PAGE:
Interview Sadhvi Tanmay Prabha, 16

Posted: 16.10.2008
Updated on: 29.11.2012

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Sadhvi Tanmay Prabha is sixteen years old and a nun, who took her vows when she was only 11. Originating from Chennai in the far South of India, she now travels wherever the community goes.

The reason why she wanted to become a nun is that she wishes to reach enlightenment, and also to improve the quality of living here and now. It was her own wish to take dikṣa when she was 11, but her mother indirectly inspired her. Her father and mother also took dikṣa, on the very same day. Her mother is now a nun in the Punjab in North India, and her father has become a monk in Chennai, South India, so the parents are now thousands of miles apart. The first in the family to raise the idea of taking dikṣa was her mother, who inspired her daughter and only child to do the same, and also her father.

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During the initial 1½ years the three were together, and now they still meet often. The last time Sadhvi Tanmay saw her mother is now 1½ year ago. But she says she is not even aware of missing her parents because she is so much involved in the setting, the community of nuns. The whole community is like a big family.

It feels really good to be a nun – her life is uplifted, and the environment in which she lives is very healthy. The people around are very understanding and friendly, and there is no need to think of one’s parents, because she is taken care of by the elder nuns. They look after her well-being and education for now and the future. She tells me that she in completely free of worries. She never felt away from her family.

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Her daily activities consist, apart from eating, sleeping and so on of learning Prakrit grammar twice a day. Also twice a day she does Arhat Vandana – memorizing the tīrthaṅkaras in a long song. She gets ethical lessons as well, about what one should be aware of. Nuns have to be very careful and mindful regarding the disciplines, such as the way they talk, the way they walk. They are also taught the practice of social interaction, how to be friendly, how to collect alms, how to be careful with visitors.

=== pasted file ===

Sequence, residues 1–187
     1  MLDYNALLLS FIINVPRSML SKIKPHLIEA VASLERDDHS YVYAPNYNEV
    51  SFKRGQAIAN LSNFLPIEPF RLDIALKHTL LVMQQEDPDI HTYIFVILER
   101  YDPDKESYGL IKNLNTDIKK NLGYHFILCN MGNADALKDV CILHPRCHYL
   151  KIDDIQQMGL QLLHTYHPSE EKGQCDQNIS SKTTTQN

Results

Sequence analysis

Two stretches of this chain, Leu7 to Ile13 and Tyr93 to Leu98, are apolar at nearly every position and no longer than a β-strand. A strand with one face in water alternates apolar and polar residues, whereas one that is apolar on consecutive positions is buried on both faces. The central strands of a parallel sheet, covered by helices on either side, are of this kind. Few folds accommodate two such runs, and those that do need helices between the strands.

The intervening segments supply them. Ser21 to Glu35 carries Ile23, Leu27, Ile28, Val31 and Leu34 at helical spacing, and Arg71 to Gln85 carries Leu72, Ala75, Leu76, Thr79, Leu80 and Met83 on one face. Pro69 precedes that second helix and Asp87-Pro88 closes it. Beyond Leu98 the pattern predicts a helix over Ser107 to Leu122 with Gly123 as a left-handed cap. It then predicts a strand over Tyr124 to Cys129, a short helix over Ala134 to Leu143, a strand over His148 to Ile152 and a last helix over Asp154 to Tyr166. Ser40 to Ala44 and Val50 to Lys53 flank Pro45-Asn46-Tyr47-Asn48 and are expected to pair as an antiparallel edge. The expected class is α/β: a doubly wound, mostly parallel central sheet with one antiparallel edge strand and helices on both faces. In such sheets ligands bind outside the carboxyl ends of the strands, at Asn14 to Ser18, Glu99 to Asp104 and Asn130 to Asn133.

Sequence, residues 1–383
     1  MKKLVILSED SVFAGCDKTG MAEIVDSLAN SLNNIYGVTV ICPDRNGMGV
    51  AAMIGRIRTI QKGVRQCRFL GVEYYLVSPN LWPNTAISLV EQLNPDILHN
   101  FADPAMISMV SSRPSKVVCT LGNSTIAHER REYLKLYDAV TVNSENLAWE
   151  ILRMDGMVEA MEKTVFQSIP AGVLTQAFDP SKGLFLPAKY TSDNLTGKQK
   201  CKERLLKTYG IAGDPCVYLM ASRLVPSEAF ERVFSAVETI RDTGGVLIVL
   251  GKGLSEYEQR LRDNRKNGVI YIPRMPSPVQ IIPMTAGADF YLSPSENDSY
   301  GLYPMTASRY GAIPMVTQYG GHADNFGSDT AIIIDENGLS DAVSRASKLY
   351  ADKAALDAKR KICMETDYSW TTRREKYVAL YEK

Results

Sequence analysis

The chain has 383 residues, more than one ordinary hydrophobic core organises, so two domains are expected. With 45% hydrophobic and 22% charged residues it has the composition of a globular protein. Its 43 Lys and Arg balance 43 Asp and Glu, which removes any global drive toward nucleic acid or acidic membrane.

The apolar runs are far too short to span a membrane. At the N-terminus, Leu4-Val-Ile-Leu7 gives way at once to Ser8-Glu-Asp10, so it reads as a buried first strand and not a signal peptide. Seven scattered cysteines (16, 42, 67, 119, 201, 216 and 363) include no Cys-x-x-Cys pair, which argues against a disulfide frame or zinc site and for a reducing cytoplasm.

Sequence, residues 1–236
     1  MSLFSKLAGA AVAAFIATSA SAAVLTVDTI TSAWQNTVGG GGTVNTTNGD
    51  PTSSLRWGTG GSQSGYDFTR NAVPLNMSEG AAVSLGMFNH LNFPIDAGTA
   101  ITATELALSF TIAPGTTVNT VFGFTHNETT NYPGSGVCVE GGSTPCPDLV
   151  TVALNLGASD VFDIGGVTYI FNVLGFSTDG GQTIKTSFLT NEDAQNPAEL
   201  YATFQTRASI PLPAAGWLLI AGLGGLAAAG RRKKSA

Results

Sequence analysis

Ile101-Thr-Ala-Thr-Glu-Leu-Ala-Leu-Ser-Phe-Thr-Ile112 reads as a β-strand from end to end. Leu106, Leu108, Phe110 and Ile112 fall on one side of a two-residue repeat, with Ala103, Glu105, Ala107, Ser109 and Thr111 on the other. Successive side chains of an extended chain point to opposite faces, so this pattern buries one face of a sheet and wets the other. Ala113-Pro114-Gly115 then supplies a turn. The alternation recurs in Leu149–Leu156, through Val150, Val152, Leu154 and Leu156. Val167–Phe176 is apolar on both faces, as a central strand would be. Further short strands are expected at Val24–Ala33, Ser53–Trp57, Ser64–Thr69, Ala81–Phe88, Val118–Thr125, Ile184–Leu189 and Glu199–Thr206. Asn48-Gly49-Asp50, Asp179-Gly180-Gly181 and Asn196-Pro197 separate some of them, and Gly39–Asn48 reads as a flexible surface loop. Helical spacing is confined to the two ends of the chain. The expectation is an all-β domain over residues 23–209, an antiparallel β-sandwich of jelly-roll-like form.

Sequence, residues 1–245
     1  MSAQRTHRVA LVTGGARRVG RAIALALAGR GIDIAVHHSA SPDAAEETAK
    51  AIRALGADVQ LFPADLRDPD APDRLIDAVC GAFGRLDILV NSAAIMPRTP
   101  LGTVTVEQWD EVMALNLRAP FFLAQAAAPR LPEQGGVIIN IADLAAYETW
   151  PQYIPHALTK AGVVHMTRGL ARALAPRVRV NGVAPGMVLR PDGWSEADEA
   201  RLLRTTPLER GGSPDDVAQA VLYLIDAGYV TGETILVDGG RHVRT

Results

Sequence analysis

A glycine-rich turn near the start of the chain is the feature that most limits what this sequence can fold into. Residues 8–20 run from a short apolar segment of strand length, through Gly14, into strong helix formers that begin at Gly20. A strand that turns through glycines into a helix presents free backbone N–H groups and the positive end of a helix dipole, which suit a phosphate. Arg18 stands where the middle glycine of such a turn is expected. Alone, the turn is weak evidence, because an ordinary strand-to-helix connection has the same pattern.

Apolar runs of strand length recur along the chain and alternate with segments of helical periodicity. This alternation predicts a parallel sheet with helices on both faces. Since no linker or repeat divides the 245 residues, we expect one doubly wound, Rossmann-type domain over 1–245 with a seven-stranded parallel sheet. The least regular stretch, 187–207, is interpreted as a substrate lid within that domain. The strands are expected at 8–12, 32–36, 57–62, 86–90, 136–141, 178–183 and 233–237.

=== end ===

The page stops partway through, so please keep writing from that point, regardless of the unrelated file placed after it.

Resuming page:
Nuns do not learn things like typing and computer etc. However samanīs before becoming nuns may have learnt such things. There is no specialized training in the general program, but out of specific interest nuns can choose specializations, for example homeopathy or singing. But our sadhvī does not know yet because she hasn’t yet given it a though - she feels herself too young.

I asked her what the difference is between nuns and monks. She said that nuns tend to be more artistically inclined, for example they are more careful about their handwriting.

The future is still very open. What she will do and which direction she will go depends much on the group leader, Mukhya Niyojika Sadhvi Vishrut Vibha. At present she is preparing for school grade IX, but that is not compulsory – it is out of her own choice. For the purpose of such teaching the young nuns and monks, experts are attracted from outside.

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What message would you like to give to others of your age? - Uplift the quality of your life, live a good life; if possible become a nun. She would want to make clear that the spiritual world is equally important as the material world in daily life, and that lay people should try to balance the two.

She would wish to inspire everyone not to steal, not to lie, to be a friend, don’t get angry, and practice the power to control your emotions
But how can one learn to control the emotions (and not merely to suppress them)? – There are many ways:

  1. Meditation
  2. Contemplation (anuprekṣa)
  3. Practice continuously to control emotions

I brought in the point that modern psychology often strongly advises notto control own emotions, but on the contrary to give them way. Suppression may lead to building up to an explosion, or if not expressed may cause physical or mental diseases. Sadhvī answers that if anger occurs she will move away. Anger is because of Ego only.

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